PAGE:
Townsend's next challenge involves welding together Maryland's Democratic base, including winning back the 105,000 votes that went to Fustero.

Democrats in Prince George's County had been consumed by a five-way primary for county executive. The bruising 8th District congressional race stole attention in Montgomery County.

Townsend did some damage herself in an effort to broaden her appeal; she selected a former Republican as a running mate, and did little to embrace liberal constituencies such as environmentalists and African-Americans early on.

But now she wants the Democratic Party to coalesce around her. Unity rallies are planned this week, including one on Saturday in Baltimore during which Montgomery County Councilman Isiah Leggett, a prominent black leader whom Townsend passed over for running mate, will be introduced as chairman of a statewide coordinated Democratic campaign effort.

"You'll see a new unity within the Democratic Party," Townsend predicted last week.

Her campaign yesterday dismissed the significance of the Fustero vote, noting that Townsend's 80 percent of the primary vote is higher than the 54 percent Gov. Parris N. Glendening received during his first run in 1994, or the 62 percent William Donald Schaefer received in 1986.

Several leading Democrats said Townsend can preserve support by relying on traditional party themes.

"If we stick to the issues that show where Democrats stand on education, the environment, health care and the economy, Kathleen is going to get the support of the voters," said Rep. Benjamin L. Cardin, a Baltimore County Democrat.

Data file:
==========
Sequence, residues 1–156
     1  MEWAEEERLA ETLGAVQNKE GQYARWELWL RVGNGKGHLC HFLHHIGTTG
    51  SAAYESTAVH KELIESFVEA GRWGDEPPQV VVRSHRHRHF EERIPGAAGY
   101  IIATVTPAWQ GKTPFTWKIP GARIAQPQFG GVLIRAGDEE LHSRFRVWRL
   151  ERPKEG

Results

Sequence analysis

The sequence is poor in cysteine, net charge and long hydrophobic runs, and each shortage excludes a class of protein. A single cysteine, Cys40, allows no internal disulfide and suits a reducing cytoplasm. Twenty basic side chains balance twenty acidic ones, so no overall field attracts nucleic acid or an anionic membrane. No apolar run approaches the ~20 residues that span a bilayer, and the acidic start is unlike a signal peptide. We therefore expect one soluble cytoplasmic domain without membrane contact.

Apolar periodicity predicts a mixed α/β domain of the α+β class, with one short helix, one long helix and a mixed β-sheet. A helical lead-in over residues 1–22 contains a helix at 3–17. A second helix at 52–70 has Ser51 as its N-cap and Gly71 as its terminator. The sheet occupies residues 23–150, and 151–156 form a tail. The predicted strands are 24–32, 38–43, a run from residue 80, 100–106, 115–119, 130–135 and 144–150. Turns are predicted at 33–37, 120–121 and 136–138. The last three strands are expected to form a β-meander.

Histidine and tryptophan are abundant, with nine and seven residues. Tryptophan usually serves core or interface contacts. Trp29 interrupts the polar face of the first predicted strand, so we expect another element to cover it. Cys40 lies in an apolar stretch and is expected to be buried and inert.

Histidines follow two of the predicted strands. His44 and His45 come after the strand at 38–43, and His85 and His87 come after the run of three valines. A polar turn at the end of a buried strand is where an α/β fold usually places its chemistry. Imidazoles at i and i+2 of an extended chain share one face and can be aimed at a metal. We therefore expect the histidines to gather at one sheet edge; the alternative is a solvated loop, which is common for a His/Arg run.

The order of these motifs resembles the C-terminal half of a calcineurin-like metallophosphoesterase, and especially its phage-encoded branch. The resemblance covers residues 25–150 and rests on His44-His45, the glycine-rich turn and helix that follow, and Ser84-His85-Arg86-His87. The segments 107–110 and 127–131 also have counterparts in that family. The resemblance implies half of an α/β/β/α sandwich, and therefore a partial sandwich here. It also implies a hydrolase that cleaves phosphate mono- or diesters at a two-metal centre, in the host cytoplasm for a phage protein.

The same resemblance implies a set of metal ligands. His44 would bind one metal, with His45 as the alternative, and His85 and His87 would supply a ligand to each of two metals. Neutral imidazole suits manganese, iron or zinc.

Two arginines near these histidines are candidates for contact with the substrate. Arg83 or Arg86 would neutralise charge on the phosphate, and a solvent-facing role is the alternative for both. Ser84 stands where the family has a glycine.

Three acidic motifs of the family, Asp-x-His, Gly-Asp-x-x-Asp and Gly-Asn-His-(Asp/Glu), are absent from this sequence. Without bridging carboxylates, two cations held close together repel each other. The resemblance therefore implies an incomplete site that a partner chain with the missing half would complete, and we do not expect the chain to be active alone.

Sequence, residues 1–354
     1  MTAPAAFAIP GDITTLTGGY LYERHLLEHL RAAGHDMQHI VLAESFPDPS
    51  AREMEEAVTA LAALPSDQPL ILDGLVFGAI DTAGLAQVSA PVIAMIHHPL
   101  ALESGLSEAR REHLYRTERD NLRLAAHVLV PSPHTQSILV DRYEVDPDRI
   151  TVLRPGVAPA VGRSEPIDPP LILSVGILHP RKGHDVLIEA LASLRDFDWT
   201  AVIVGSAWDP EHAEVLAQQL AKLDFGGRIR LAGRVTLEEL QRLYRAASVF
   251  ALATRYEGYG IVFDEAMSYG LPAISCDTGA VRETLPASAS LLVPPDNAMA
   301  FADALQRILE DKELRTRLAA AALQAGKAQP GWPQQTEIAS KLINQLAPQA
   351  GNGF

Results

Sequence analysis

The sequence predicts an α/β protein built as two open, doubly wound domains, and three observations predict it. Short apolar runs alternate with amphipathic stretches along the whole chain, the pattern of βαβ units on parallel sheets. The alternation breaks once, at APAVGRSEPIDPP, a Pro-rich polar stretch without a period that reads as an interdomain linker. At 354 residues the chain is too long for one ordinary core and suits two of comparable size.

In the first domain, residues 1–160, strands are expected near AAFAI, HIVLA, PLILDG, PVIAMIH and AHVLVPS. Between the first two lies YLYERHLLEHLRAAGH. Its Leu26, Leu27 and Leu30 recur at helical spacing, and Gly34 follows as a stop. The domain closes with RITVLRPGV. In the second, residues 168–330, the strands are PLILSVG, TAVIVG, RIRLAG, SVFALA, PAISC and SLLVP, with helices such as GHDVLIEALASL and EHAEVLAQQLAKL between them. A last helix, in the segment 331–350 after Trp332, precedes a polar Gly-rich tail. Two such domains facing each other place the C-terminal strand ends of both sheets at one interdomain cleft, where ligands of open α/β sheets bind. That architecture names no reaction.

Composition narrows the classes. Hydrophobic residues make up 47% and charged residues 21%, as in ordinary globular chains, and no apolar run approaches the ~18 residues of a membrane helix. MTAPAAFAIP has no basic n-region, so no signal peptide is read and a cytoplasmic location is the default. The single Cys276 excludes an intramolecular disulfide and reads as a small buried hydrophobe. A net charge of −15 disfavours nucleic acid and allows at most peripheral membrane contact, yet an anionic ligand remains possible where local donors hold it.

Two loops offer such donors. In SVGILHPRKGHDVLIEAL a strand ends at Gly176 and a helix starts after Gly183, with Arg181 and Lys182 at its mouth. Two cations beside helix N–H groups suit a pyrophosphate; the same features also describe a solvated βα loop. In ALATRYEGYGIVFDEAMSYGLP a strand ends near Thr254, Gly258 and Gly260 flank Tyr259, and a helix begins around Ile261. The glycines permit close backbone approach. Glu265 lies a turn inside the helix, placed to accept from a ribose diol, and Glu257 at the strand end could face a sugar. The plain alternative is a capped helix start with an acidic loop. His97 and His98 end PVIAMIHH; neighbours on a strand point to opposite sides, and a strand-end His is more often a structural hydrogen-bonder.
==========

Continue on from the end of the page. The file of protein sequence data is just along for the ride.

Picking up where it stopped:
Said Baltimore Mayor Martin O'Malley, who considered challenging Townsend in a primary: "What the lieutenant governor needs to do, and I think she can do it well, is start talking to the base of this state, start talking to people whose families are now in recovery, start talking to people whose kids now have better opportunities in school or more after-school opportunities...If she does it, I look forward to her turning this situation around."

But Ehrlich supporters sense the GOP campaign is making inroads among Democrats -- especially those not fond of the current administration.

In the weeks ahead, the GOP is expected to talk about a perceived culture of corruption in Annapolis, a culture in which Townsend has thrived during the past eight years.

The U.S. attorney's office is investigating whether the Governor's Office of Crime Control and Prevention -- overseen by Townsend -- used federal grant money for political ends. Federal investigators are also looking at conditions inside juvenile justice facilities, another Townsend responsibility.

Investments made by a Glendening ally managing state pension funds are under the scrutiny of a third probe.

If Ehrlich has his say, voters will think twice before electing another Democrat governor.

"I'm not that pleased with the Democratic Party overall," said Tywanna Dorsey, 46, an office manager from Woodlawn. She said she plans to vote for Ehrlich in the fall.

"Maryland needs to be shaken up," she said. "It's a new day. It's a new time. ... I think a lot of people are going to think my way."

Fustero is one of them.

"I think a lot of the ones who voted for me are sending a message," he said. "They are fed up with the status quo."

Sun staff writers Howard Libit, Laura Vozzella and Sarah Koenig contributed to this article.